The girls can be from any cultural background, but they must have to have that je ne sais quoi, and fit our physical format — which contrary to burlesque might seem very passé — but since our show is based on aesthetics, we like to play with the uniformity of the bodies. It also creates a sense of teasing, because when we have line ups with all the girls dressed in the same costume and the same headpieces, it’s like, 12 of the same girl! But then they come out and do solo performances with their natural hair and you see their personality coming through, and you go, “Ooh! This one is really inspiring! Let me try and find her again the in the line-up.” And you won’t, because of that uniformity.

We recruit girls that are between 1.68m and 1.72m, have sporty bodies and proportions of 2/3 legs and 1/3 torso. We don’t go out and measure them, we have a visual eye and can see right away if a girl will fit. Then we have our little ways of keeping them at the exact same eye level and making sure it’s a uniform cast, so when the show opens, people think they’re all clones. But as the show goes on you discover different personalities, different talents and everyone has their favourite. Although a lot of times, it’s the show itself that’s the favourite, not one particular girl.

On the Crazy Girl’s Saucy and Cheeky and Stage Names:

The girl that trains and forms them and myself present the new girls with their stage names before their first performance. We do a little committee, it’s like a family reunion! There’s a birth, there’s a new child, what should we name them? We’ll think, “What are her character traits? What are her physical traits? Her passions? Her ambitions? Is she slow, is she fast, is she funny is she sparkling?”. We’ll go through all of that, and we’ll come up with a name! Then we propose the name to her, and if she doesn’t like it, she gets another one, and if she doesn’t like that one, tough luck —  that’s what she’s getting! She has one choice. We’re kind of strict, or we could go on for ages. Most of them don’t want to change it though, I think it’s only happened once or twice, and once was for religious reasons we didn’t know about, so of course that was no problem.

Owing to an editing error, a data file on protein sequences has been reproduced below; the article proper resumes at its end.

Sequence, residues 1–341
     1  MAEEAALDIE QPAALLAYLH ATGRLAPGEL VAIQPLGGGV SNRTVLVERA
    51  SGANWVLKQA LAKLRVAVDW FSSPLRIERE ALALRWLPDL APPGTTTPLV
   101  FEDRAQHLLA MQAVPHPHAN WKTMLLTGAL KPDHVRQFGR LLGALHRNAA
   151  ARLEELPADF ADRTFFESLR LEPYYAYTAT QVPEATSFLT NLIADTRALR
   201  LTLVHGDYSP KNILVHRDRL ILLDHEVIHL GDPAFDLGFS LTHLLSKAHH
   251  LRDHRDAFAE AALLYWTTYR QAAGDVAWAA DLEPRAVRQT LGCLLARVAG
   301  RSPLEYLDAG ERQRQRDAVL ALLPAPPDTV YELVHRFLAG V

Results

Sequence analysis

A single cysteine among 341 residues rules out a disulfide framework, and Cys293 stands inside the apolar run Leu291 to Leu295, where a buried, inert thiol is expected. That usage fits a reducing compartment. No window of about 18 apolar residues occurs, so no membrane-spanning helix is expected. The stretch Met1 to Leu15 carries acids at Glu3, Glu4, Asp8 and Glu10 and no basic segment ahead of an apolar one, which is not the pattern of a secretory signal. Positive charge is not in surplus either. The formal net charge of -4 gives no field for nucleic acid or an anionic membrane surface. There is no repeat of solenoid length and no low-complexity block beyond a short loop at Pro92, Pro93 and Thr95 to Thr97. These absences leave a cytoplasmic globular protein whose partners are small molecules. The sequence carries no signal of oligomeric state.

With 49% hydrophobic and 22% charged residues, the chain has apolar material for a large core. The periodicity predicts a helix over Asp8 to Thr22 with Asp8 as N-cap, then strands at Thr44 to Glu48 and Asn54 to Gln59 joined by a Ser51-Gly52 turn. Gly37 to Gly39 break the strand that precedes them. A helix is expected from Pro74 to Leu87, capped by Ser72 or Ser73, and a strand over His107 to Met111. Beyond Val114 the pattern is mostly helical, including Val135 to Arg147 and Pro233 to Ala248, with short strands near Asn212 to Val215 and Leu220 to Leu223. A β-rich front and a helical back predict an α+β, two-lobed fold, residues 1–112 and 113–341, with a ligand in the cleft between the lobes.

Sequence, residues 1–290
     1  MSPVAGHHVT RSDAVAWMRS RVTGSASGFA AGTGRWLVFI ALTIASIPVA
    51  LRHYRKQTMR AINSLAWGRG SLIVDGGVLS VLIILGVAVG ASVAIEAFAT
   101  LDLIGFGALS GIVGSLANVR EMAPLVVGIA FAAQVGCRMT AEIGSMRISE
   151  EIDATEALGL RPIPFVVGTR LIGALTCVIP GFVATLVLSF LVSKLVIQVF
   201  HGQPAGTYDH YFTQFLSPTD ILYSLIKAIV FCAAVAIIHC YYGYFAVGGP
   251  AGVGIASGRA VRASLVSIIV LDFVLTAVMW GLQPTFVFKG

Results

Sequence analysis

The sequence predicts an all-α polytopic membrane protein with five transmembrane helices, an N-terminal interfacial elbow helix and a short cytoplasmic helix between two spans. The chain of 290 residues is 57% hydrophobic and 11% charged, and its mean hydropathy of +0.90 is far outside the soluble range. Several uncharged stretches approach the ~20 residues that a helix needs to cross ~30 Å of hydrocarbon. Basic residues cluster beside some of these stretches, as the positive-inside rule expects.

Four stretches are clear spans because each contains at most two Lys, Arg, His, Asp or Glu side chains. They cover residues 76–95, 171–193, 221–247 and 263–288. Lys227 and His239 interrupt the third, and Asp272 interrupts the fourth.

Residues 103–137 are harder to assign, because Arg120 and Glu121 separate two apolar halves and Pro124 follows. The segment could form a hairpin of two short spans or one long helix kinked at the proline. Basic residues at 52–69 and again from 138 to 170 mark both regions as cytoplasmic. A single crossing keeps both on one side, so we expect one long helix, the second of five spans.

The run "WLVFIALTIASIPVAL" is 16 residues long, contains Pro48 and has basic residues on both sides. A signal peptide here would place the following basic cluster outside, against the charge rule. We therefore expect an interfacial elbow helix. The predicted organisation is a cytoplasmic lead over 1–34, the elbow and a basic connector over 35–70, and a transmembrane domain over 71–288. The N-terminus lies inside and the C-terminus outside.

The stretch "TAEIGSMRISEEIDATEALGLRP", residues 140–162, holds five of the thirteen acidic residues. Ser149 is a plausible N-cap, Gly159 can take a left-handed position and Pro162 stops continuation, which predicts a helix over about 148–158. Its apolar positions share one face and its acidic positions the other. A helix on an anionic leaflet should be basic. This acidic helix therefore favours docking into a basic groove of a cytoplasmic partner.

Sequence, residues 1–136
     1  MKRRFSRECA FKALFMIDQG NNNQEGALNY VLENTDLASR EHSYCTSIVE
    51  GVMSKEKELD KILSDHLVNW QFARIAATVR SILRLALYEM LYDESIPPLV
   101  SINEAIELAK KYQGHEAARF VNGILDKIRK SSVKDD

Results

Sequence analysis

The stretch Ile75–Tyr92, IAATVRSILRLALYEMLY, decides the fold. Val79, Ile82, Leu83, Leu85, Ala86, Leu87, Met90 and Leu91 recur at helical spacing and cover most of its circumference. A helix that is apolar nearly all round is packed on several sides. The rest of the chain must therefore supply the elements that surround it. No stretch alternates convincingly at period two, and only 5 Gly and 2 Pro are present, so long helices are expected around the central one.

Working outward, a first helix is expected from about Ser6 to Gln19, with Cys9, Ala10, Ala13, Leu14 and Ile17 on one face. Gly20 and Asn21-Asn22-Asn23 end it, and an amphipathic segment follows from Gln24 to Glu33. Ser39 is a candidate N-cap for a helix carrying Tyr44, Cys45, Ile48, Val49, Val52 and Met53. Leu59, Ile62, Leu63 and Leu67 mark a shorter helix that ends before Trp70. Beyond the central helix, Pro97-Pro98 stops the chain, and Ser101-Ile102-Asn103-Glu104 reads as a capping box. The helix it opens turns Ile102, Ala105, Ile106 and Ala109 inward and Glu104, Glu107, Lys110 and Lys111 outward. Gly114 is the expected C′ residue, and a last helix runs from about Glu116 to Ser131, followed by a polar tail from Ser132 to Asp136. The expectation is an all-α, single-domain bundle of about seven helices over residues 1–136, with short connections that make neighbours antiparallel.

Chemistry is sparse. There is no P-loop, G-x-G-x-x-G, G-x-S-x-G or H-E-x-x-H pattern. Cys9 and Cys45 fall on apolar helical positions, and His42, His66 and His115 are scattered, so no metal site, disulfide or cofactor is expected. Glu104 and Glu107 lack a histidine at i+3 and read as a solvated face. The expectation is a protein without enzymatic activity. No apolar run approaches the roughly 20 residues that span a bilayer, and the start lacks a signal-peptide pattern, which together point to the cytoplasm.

The girls coming to Australia are: Bamby Splish Splash, Daizy Blu, Diva Novita, Candy Saint Louis, Gloria Di Parma, Lolita Kiss-Curl, Lila Magnetic, Loulou De Paris, Margaux La Chapelle, Mina Velours, Starlette O’ara, Suzy Festival, Taïna De Bermudes, and Zitta Zurbaghan. 

On hair and makeup: 

Because we rely so heavily on aesthetics and beauty, and especially sharp lines and graphics, we teach the girls specifically how to do their makeup. They do it themselves every night before the show, but we also talk to them about their haircut. If they want to change it, they have to ask us, because it’s such an integral part of the show. The colouring has to be uniform so that it’s impactful on stage. There are no highlights. You’re either all blonde, all red, all brunette, all black. Just pure, bold colour. The cuts are very graphic. If the hair allows it, we have bangs because again, it’s very graphic on stage, and when the girl moves and dances, it keeps her hair out of her face so you can continue to enjoy her eyes, her mouth, her nose.